There are now over 2.3 million people working in Ireland, according to figures released by the Central Statistics Office.
Of this number, four in five are in full-time employment.
This is the seventh year in a row that the number of people working in Ireland has increased since the economy recovered from the economic downturn after the 2008 crash.
In the first quarter of 2013, there was 1.892 million people working in Ireland. Since then, the number has increased by 21% and now sits at 2.301 million.
People employed in the agriculture, fishing, and forestry sectors have the longest working week.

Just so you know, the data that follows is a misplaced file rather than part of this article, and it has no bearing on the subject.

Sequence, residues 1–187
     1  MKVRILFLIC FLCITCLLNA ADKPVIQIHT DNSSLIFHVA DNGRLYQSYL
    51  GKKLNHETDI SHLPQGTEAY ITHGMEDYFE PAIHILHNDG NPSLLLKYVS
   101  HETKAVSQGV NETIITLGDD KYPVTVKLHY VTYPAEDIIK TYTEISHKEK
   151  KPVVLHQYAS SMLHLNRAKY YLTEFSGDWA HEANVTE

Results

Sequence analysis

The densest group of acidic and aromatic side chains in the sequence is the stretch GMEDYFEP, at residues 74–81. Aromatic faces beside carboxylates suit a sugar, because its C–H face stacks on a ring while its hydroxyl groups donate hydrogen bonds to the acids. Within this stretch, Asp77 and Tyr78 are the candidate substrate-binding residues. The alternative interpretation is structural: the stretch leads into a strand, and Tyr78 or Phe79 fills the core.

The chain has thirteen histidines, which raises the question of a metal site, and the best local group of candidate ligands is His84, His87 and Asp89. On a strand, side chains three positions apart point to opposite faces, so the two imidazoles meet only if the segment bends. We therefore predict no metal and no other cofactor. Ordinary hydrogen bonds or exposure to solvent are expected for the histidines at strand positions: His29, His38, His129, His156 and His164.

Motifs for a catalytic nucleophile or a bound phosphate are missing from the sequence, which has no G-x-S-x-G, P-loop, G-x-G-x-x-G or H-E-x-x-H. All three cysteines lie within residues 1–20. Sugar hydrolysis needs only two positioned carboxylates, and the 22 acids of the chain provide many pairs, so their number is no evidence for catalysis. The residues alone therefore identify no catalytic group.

Employees in those industries spend 49.5 hours at work every week, according to the figures.
The average person in full time employment works 40.7 hours weekly, while self employed people work 45.1 hours.
Part time workers spend 18.6 hours per week at work.
Meanwhile, Ireland's population is expected to increase up to 5.8 million by 2036, up from 4.74 million in 2016.
Dublin and the Mid-East region are anticipated to see the highest increases in population, according to figures from the CSO.
The number of people aged 65 and over is expected to rise by over 65%.
The figure was calculated using trend including immigration rate, fertility rates and a projected increase in life expectancy.